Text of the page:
A handful of plucky Brits battle claustrophobia, a drippy love triangle and an Alien-derived plot in Storage 24, a low-budget creature feature with more gumption than originality.
Set in a cavernous London storage facility, the story traps five twentysomethings and an employee in lockdown when a military cargo plane crashes nearby. Waiting to be released, Charlie (Noel Clarke, who also wrote the screenplay) and Shelley (Antonia Campbell-Hughes) grumpily divide their possessions after a tense break-up while their friends run interference.
Unknown to everyone, however, the mystery plane has deposited much more than the mangled debris and smoking metal they can see in the parking lot.
Outside of Bond films and the oeuvre of Guy Ritchie, characters in British features rarely own guns, so when an alien beastie begins stalking our whey-faced gang, they have only their wits — and the repurposed contents of strangers’ storage lockers — to fall back on.
Unfortunately, wits are also in short supply: Charlie is more interested in figuring out why he was dumped than in discovering how to escape, and his best friend interrupts a critical weapons hunt for a snogging session with Shelley. But Clarke, who perfected his panic-face during his stint on Doctor Who, has written himself a nicely heroic character arc that makes Charlie probably the only member of the group we’d like to see survive. Or at the very least, emerge with more of his skin and internal organs intact.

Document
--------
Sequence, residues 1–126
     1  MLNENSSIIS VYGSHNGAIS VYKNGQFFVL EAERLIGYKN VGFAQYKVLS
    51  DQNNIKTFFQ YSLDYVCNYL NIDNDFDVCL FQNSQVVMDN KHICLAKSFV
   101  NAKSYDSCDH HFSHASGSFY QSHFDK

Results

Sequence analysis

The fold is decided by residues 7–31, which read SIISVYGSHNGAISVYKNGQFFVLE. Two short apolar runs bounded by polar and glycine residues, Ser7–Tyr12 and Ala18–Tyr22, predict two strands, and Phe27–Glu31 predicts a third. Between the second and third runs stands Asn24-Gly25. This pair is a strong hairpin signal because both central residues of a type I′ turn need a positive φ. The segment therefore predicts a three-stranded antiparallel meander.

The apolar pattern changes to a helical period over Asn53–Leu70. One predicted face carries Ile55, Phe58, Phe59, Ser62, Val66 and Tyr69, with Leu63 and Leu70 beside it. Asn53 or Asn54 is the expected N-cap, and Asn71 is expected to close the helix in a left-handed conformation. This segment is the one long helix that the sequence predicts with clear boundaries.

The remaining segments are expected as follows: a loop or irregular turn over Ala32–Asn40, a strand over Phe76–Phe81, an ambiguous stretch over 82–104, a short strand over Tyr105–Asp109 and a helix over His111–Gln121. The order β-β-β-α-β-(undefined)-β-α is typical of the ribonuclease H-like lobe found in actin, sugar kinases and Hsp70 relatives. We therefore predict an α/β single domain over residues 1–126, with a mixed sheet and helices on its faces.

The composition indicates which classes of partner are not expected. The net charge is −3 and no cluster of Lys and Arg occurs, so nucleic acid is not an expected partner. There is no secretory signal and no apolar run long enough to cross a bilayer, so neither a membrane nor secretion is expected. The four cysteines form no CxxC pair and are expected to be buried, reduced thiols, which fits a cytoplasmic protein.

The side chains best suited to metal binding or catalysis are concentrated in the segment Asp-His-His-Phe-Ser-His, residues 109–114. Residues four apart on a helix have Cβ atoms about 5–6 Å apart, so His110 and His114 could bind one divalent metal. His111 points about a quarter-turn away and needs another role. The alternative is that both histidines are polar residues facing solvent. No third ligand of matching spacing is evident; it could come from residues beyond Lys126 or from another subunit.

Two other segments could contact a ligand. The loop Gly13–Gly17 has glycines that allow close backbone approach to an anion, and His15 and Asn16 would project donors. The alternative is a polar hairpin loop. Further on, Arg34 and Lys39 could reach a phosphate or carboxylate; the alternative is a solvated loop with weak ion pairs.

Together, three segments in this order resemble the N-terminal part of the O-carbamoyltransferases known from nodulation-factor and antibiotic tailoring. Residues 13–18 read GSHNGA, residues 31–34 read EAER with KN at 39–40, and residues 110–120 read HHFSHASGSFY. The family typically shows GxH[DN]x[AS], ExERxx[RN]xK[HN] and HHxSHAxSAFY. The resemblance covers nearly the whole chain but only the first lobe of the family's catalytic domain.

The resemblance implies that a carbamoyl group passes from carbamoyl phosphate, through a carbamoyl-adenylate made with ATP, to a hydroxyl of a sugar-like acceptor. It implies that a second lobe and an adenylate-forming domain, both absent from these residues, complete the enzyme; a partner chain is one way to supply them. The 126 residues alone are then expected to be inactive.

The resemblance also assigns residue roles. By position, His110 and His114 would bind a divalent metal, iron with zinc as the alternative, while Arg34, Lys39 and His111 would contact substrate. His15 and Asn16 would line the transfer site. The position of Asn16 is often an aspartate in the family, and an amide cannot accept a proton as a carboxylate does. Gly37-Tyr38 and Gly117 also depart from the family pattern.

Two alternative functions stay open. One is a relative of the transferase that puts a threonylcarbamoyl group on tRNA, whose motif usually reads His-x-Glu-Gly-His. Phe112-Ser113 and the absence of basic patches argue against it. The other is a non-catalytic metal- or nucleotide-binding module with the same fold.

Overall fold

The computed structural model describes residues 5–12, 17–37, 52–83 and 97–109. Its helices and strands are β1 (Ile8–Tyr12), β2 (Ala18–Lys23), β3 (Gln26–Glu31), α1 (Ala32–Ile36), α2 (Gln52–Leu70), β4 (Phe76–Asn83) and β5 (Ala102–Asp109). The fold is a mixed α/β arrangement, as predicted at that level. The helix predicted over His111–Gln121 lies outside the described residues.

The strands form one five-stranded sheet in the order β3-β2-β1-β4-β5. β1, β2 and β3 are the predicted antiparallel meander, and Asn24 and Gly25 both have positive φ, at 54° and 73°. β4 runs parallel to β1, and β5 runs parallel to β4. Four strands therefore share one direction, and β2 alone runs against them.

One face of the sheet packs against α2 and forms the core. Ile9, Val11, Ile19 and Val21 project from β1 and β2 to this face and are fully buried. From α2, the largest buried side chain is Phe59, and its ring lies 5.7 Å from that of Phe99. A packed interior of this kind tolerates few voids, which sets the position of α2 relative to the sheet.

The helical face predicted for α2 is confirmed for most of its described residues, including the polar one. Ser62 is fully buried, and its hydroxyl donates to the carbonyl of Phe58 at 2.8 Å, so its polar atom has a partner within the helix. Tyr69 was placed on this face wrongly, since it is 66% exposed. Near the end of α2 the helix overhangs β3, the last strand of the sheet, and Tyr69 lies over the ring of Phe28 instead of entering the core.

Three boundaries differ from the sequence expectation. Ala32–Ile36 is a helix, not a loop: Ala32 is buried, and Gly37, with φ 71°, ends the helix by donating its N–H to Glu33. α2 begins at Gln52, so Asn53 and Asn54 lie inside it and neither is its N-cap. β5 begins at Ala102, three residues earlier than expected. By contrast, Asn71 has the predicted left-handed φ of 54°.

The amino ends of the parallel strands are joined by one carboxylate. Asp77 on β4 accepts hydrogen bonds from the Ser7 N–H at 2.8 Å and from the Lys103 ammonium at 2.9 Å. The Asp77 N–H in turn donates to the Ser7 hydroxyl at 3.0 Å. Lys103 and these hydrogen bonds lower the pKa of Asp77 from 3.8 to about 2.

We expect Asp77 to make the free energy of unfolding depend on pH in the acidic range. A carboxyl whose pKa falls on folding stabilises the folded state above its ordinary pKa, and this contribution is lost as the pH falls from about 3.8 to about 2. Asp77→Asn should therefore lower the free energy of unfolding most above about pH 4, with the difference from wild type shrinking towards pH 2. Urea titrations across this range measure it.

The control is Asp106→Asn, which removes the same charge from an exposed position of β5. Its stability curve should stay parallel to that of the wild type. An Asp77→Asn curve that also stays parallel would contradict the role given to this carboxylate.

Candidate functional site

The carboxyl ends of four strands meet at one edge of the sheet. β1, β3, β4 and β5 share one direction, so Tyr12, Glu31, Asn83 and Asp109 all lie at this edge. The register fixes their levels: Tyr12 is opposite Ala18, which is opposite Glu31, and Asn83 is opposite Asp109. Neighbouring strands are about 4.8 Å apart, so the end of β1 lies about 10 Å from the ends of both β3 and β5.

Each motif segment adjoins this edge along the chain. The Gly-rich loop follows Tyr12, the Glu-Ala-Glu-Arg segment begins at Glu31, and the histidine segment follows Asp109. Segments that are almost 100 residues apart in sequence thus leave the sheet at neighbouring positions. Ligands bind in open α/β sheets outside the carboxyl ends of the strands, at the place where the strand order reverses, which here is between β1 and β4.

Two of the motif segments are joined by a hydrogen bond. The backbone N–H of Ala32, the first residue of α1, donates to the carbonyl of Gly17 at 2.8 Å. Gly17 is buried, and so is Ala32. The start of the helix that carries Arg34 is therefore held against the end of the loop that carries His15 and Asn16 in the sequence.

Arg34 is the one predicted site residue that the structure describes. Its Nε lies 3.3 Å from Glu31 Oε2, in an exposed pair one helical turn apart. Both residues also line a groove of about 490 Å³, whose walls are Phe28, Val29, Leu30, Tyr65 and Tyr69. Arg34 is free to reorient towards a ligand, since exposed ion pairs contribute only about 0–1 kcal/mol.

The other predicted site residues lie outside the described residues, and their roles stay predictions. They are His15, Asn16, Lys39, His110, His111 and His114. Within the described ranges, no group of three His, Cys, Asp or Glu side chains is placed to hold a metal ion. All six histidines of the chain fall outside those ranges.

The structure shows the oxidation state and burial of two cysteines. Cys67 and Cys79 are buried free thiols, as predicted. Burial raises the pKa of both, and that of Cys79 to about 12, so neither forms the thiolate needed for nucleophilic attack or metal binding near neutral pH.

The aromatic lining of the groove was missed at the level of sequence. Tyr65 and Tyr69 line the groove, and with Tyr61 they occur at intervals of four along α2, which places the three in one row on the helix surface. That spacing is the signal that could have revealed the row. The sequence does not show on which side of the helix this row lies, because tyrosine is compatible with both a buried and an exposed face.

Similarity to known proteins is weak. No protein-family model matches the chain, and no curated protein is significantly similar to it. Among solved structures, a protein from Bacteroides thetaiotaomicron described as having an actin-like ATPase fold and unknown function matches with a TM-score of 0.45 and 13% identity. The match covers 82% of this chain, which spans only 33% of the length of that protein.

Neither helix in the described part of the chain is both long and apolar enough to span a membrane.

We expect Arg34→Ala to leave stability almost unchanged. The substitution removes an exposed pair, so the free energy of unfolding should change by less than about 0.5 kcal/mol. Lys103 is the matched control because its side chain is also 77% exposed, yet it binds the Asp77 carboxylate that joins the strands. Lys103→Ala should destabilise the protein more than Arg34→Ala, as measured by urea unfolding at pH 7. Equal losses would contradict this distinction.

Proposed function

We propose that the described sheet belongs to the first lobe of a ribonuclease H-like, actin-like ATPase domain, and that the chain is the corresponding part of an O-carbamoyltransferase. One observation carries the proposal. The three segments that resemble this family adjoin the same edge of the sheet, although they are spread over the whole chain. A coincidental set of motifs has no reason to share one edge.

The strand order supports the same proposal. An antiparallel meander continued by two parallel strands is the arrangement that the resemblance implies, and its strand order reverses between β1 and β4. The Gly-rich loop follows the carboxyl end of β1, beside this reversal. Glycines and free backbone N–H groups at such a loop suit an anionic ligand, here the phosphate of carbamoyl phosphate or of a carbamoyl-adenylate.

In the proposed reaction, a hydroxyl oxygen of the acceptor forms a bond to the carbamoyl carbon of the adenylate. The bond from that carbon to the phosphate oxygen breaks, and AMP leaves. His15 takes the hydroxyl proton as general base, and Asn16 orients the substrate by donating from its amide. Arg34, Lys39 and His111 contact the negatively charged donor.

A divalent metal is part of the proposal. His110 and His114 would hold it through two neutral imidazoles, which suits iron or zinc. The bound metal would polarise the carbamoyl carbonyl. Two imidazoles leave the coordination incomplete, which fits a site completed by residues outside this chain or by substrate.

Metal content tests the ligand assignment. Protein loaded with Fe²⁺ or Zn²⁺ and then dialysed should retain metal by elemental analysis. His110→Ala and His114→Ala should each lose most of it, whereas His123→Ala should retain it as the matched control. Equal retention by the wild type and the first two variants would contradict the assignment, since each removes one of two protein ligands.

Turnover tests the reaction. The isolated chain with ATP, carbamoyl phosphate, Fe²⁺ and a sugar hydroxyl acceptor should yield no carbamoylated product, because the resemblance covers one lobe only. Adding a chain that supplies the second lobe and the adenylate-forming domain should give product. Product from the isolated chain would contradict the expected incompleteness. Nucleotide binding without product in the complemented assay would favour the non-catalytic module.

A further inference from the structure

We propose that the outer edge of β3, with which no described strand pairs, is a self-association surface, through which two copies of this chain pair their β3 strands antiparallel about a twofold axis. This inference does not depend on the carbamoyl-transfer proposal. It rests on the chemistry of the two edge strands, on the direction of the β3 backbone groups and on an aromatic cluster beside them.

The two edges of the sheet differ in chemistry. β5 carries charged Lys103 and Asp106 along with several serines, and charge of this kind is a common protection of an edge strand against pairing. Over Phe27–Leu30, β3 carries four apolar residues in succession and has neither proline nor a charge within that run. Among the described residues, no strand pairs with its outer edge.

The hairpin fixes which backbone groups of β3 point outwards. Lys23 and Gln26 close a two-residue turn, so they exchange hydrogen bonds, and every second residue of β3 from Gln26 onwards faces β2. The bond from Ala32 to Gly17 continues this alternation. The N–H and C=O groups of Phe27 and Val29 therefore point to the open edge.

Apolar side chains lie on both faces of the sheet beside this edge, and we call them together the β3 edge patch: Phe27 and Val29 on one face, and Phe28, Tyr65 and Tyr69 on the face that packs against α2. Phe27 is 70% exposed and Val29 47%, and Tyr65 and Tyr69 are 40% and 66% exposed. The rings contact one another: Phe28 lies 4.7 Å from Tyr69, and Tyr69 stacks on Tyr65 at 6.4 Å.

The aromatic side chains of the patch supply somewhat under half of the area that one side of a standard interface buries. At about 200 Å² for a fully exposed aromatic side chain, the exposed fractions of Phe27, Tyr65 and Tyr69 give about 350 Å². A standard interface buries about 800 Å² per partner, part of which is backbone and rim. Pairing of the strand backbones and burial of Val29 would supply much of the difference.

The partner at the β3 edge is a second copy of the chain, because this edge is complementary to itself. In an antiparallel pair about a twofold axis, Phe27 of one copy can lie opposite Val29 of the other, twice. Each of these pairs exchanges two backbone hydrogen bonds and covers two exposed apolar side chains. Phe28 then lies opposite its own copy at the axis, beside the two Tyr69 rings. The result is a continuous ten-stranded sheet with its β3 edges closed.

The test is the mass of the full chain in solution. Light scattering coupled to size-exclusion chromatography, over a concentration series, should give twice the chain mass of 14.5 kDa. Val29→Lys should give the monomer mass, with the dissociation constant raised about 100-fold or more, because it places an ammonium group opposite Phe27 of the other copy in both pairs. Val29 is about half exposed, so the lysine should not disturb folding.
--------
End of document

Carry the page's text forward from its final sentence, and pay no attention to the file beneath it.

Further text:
Creatively exploiting his single location (captured partly on a sound stage and partly in a disused brewery), director Johannes Roberts noses his camera down eerie corridors lit by chilly neon. Identical aluminum doors flicker in the stuttering electricity, and metallic scrabbling accompanies the critter’s movements through the air vents. Jacking up our emotions with doomy photography and a palpitating score, Roberts makes sure we don’t linger too long on the film’s faultlines.
Derivative and dorky, Storage 24 still entertains more often than it exasperates. The alien is merely serviceable (it looks like the Predator after a year with Jenny Craig), the acting unreliable (Campbell-Hughes seems to think she’s in rehearsals for Downton Abbey), and the humor a little vile (misogyny remains a genre staple). But between the effective opening and the nicely downbeat ending, this grubby game of monster-and-mouse gets the job done.